You see, I hadn’t yet developed an ear for how God does things… and how God does things is not how I’d do them. So, my spiritually immature brain could not make sense of God rewarding such duplicitous and insulting behavior as Jacob’s by sticking with him and naming him Israel… but he did. So, if I couldn’t find a way to reconcile God’s methods with my personal sensibilities, I’d have to toss the Bible out… but I stuck with God and matured.

I used my story to demonstrate how personal and variable people’s reactions to the truth can be. The account of Jacob showing that level of disrespect for his father really reached me… while I was somewhat okay with God swallowing up Korah’s children (Numbers 16:32)… although, they both made me wince. My point is that Scripture does not gloss over these narratives.

So, if a person cannot get past internal questions like “How could a God of love kill those children?” or “How could a holy God choose a sneaky guy like Jacob to sire ‘God’s chosen people?’” then perhaps this is what those people are talking about… that when you read all the Bible’s stories, then the revealed God is no longer acceptable to you.

You see, the deeper you go into the Bible (or Philosophy, Biblical Theology or Natural Theology), the more “trouble” God gets into. But when you hang in with God down in those depths, he always gets vindicated… and his picture grows stronger and truer. The problem comes when a person who is not contextually (or emotionally) prepared to learn these hard truths gets a peek at them.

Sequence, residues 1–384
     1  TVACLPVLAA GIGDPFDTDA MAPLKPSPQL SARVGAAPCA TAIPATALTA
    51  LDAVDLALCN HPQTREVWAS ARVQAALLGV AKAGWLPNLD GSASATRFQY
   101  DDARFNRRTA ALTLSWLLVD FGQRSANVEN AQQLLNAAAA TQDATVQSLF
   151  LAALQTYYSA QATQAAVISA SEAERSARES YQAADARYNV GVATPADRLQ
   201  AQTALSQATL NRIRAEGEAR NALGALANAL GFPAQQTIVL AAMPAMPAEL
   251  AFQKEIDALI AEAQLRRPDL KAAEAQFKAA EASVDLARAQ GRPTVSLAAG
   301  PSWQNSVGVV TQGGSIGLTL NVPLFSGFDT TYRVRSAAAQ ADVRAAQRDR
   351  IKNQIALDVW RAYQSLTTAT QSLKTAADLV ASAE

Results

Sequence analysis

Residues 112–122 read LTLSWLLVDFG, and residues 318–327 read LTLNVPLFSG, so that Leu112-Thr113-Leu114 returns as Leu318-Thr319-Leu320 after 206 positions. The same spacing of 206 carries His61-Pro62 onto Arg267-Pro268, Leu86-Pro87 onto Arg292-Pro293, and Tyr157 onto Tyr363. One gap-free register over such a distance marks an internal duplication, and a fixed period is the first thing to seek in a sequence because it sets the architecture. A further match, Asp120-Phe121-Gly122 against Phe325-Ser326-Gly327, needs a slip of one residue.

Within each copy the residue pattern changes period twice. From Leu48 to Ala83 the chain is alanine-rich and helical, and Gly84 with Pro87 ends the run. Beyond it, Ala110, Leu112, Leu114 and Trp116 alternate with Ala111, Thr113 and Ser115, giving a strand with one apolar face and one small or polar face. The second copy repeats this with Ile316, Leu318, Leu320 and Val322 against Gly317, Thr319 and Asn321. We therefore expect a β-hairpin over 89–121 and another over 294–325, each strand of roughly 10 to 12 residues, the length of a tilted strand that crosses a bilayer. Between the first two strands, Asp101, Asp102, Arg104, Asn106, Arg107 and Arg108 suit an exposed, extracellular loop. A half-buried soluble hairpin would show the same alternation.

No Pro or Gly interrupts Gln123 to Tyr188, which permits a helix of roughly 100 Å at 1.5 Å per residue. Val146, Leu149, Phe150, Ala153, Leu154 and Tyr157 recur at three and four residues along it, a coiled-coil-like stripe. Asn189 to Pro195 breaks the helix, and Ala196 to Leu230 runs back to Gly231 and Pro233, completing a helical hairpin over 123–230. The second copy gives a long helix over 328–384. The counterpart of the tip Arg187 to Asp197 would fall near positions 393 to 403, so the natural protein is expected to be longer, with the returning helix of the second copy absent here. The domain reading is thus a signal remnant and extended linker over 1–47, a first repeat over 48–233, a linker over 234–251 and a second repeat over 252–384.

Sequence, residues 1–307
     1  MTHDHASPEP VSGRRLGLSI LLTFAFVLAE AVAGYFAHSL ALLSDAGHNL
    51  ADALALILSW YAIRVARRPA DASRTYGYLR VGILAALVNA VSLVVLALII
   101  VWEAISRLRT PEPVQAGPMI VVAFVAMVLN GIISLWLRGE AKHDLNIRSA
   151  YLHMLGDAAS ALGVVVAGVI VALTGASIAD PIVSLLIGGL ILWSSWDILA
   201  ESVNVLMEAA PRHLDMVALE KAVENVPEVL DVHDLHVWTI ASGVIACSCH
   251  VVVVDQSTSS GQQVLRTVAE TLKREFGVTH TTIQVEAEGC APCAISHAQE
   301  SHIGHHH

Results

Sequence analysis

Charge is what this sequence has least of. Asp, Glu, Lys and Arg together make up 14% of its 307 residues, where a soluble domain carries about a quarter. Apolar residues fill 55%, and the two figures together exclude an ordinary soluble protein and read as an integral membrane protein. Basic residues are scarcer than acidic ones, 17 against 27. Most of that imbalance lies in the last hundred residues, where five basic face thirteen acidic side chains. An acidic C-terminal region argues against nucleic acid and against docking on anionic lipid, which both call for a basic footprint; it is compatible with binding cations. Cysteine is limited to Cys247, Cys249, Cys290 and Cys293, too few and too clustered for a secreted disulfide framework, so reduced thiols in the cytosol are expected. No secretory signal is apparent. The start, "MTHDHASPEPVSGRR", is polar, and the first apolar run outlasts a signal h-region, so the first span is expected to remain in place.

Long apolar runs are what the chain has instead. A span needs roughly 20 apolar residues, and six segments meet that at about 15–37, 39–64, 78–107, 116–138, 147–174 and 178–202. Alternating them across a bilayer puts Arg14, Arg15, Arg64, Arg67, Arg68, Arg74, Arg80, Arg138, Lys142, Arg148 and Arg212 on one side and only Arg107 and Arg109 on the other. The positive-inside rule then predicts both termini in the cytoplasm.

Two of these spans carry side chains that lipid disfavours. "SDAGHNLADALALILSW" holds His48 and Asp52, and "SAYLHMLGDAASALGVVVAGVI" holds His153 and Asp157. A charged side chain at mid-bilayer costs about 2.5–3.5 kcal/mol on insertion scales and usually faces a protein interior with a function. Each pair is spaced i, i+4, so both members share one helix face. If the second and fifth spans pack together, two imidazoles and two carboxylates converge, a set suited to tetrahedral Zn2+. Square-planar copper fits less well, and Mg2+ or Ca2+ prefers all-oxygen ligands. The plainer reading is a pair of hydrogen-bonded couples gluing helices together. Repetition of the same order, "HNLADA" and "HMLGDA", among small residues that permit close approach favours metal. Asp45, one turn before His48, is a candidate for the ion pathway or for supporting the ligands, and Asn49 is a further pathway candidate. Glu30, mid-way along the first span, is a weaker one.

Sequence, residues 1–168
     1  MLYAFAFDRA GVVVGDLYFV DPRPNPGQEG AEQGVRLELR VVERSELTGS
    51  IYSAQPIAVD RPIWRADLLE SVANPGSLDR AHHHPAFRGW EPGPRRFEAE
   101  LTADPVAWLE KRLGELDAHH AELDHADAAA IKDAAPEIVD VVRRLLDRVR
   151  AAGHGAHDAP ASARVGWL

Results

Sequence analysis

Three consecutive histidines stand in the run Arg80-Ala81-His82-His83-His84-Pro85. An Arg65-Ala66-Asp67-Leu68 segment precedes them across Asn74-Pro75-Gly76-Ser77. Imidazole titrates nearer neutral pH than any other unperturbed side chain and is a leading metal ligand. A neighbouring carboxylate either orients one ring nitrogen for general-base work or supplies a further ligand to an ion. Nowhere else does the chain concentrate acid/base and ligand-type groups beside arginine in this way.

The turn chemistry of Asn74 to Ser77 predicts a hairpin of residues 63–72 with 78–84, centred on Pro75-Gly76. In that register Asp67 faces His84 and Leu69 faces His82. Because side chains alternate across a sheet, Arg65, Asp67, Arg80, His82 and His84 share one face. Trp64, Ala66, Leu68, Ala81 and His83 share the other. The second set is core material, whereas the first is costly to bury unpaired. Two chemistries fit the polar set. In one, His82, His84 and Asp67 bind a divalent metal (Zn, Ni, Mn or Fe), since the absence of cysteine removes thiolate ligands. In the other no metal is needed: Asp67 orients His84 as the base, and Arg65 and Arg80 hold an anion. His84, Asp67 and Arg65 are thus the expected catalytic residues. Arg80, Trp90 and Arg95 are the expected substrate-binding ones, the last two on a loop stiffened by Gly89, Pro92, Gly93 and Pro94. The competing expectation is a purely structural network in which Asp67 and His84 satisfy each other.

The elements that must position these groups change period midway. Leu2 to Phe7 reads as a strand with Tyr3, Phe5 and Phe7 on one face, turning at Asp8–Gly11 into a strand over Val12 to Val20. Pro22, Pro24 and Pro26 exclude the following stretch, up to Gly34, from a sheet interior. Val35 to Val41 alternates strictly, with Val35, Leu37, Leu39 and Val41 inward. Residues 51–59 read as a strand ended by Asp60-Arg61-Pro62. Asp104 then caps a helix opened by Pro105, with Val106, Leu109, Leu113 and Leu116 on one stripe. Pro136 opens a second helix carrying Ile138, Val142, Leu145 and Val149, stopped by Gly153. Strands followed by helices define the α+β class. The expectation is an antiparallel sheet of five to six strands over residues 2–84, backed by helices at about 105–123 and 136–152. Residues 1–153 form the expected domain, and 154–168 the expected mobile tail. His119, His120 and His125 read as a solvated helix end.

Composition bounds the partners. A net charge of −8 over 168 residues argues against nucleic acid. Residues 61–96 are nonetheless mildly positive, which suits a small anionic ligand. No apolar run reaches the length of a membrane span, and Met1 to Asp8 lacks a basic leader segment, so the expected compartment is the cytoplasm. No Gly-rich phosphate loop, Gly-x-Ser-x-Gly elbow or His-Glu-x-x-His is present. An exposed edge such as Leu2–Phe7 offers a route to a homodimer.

Picture a four-year-old city girl who accidentally walks into a slaughterhouse. If her parents hadn’t prepared her, she might never get over the “truth” of seeing where her food comes from. Reading the whole Bible can be like that… and knowing where your “food” comes from might send some people over the edge. To me, this is the image that makes the most sense of the challenge in your question.

Fortunately (or unfortunately), I am one of those people who is always looking to find God “at his worst” because I need to explain him to myself (and to others) pretty continually. Here, I have two kinds of people in view — the unsaved and the saved.

The unsaved have no motivation (and no indwelling Holy Spirit) to hang in with God “at his worst.” So, when God stops being the loving Santa Claus that the world serves up as God, then they’re out. But Christians, too, might be at a place where they cannot yet digest the stronger truths of God… and the Bible addresses that phenomenon.

“In fact, though by this time you ought to be teachers, you need someone to teach you the elementary truths of God’s word all over again. You need milk, not solid food!” (Hebrews 5:12, NIV) (See also 1 Corinthians 3:2; 1 Peter 2:2)

So, when an immature believer has to chew on a tough issue, he might get indigestion and lose confidence in God… but please note that a truly saved person can never lose his salvation. Such a person might have been a nominal Christian and not a real one… and subsequently “left” a faith he never really had. But in the case of a truly saved person, they may occasionally step away from engaging with God, the brethren or the Bible, but they can never step out of the familial relationship that comes from being born again (John 3:3).

I pray that these comments addressed your question, but if they did not, please query again with a rephrased question. God bless you.

 For comments, or to join the Monday Musings mailing list, contact us at ep@mainsailministries.org.